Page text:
A hydraulically operated mechanism is provided for obtaining a slow grinding feed. This mechanism may comprise a cylinder 180 (Figs. 7, 8 and 25). The cylinder 180 contains a slidably mounted piston 181 having rack teeth 182 formed in its upper surface. A gear 183 is rotatably supported in anti-friction bearings and meshes with the rack 182. The gear 183 has a central aperture which supports a rotatable shaft 184 having a gear 185 fixedly mounted thereon. The gear 185 meshes with the gear 151 so that an endwise movement of the piston 181 will be transmitted to rotate the feed screw 140 to impart a slow feeding movement to the grinding wheel 21 and the wheel slide 20.
A fluid pressure actuated control valve 186 is provided for controllingthe admission to and exhaust of fluid from the cylinder 180. The control valve 186 is a piston type valve having slidably mounted valve member formed with a plurality of spaced valve pistons forming spaced valve chambers 187, 188, 189, and 190. When fluid under pressure is passed through a pipe 191 (Fig. 25) into a left hand end chamber in the valve 186, the slidable valve member is moved toward the right. During this movement fluid may exhaust from the end chamber formed at the right hand end of the valve 186 and through a pipe 192. Fluid under pressure passing from a suitable source to be hereinafter described passes through a pipe 193 into the valve chamber 190, through a central passage in the slidable valve member into the valve chamber 188, through a passage 194 into a cylinder chamber 195 to move the piston 181 toward the left into the position illustrated in Figs. 7 and 25. During this movement of the piston 181, fluid within a cylinder chamber 196 exhausts through a passage 197 (Fig. 25 through the valve chamber 187 and out through an exhaust pipe 198.
Fluid system An independent fluid pressure system is provided for supplying fluid under pressure to units No. 1 and No. 2. As illustrated in the drawings the system for unit No. 1 comprises a Hi-Low pump comprising a low pressure high volume pump 200 and a high pressure low volume pump 201 which are arranged to draw fluid through a pipe 202 (Figs. 23 and 25 from a reservoir 203 and to force fluid under pressure through a pipe 204. A relief valve 205 is provided for returning excess fluid under pressure directly to the reservoir 203 from the pump 201. Similarly a relief valve 206 is provided for allowing excess fluid under pressure from the pump 200 to pass directly to the reservoir 203. A ball check valve 207 is provided between the pump 200 and the pressure line 204. In the normal operation of the machine, the pump 201 supplies fluid under high pressure and low volume to the various operating mechanisms of unit No. l of the machine. If there is insufficient volume of fluid in the system for actuating the various mechanisms, the ball check valve 207 opens and the pressure supply in the pipe line 204 is supplemented by fluid under low pressure of high volume from the pump 200.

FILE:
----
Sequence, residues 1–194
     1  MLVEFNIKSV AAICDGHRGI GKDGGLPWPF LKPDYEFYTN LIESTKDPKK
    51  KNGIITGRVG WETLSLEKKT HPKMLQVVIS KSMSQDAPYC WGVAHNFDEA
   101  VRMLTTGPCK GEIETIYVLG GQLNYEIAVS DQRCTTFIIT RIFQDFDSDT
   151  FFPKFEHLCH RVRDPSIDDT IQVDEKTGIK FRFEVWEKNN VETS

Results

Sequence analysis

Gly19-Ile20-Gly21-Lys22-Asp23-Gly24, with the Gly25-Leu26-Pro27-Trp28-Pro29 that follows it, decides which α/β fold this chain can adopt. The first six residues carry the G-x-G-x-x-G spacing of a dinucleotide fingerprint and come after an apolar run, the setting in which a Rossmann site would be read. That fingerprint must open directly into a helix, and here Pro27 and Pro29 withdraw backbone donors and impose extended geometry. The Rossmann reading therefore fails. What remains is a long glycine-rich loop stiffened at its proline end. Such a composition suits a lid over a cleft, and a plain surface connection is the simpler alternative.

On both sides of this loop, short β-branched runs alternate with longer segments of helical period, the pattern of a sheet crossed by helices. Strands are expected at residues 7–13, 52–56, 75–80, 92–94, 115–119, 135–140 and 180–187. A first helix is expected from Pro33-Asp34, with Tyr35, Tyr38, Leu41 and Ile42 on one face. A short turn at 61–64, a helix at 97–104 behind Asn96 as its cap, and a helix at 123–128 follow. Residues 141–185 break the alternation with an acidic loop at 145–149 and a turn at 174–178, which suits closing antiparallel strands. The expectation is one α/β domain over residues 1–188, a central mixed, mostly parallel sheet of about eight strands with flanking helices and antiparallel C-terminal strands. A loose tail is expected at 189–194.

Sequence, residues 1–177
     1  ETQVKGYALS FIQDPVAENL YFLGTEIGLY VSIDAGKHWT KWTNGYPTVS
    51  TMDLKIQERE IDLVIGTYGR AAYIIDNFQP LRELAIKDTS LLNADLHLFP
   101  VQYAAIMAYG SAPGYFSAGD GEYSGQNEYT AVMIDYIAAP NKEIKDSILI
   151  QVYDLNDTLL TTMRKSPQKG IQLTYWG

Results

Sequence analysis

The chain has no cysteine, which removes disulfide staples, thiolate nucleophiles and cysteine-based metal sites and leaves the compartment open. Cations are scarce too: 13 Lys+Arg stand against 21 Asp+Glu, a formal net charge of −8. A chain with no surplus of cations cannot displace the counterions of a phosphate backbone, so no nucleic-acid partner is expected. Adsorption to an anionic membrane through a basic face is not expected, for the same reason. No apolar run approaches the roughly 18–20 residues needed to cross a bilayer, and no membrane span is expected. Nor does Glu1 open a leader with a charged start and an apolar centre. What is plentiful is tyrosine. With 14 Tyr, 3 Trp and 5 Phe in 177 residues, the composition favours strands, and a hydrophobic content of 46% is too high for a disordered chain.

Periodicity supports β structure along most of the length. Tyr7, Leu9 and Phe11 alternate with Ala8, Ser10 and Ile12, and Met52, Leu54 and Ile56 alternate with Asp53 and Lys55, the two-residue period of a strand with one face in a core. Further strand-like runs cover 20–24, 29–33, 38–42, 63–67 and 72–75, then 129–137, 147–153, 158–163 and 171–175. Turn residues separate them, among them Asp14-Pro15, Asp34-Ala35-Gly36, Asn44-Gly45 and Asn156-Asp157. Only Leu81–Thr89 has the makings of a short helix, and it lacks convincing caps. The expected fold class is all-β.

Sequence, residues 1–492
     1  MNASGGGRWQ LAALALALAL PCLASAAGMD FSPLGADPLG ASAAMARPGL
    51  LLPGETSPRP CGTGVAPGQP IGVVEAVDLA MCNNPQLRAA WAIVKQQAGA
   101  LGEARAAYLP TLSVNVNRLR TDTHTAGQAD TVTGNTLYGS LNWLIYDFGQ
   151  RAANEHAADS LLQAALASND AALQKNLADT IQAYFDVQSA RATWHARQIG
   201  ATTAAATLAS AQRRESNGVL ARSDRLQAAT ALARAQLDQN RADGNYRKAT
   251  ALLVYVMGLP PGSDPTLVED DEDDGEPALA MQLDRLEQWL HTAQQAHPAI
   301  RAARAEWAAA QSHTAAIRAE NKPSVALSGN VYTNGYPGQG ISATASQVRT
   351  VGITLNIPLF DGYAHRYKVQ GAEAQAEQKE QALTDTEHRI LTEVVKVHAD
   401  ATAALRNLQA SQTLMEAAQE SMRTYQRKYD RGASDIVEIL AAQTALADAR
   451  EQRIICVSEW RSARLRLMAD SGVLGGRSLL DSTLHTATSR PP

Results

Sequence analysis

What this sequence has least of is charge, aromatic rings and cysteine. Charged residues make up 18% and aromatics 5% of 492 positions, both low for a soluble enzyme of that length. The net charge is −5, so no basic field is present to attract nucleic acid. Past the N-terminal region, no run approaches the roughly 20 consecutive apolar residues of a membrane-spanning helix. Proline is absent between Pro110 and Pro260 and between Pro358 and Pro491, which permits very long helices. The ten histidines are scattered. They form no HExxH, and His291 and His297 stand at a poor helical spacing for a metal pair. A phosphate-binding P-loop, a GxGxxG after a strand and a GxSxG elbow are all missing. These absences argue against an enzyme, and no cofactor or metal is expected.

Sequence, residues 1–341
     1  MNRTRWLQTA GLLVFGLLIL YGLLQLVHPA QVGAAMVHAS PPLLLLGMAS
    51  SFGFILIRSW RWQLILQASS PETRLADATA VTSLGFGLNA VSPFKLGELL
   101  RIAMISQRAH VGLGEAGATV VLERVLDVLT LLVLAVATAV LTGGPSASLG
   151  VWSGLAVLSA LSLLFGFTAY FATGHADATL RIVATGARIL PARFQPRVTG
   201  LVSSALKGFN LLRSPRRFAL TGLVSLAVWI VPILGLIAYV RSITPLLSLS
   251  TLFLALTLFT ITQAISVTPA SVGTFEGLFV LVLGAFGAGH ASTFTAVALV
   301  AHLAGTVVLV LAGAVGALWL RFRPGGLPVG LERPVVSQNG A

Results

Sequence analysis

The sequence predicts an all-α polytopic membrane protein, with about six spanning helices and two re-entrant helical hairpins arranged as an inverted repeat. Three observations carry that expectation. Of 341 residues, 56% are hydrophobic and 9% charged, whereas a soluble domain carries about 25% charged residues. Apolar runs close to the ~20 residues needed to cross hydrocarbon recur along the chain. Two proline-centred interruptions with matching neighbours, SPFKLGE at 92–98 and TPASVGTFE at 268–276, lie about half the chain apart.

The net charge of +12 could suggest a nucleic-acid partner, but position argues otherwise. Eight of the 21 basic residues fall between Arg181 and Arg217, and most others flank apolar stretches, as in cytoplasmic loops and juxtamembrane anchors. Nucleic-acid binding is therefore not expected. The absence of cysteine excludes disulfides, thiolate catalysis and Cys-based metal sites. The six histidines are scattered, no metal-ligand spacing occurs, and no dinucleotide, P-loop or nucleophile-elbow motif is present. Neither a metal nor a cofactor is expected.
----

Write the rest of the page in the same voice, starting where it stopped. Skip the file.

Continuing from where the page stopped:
Similarly unit No. 2 (Fig. 23) is provided with a Hi- Low pump comprising a low pressure high volume pump 200a and a high pressure low volume pump 201a which are arranged to draw fluid through a pipe 202a from a reservoir 283a and force fluid under pressure through a pipe 204a (Fig. 23). A relief valve 205a is provided for returning excess fluid under pressure directly to the reservoir 203a from the pump 201a. A relief valve 206a is provided for allowing excess fluid under pressure from the pump 200a to pass directly to the reservoir 203a. A ball check valve 207a is provided between the pump 200a and the pressure line 2040:. In the normal operation of the machine, the pump 201a supplies fluid under high pressure and low volume to the various operating mechanisms of the unit No. 2 of the machine. If there is insufficient volume of fluid in the system for actuating the various mechanisms, the ball check valve 207a opens and the supply of fluid in the pipe line 204a is supplemented by fluid under low pressure and high volume from the pump 200a (Fig. 23).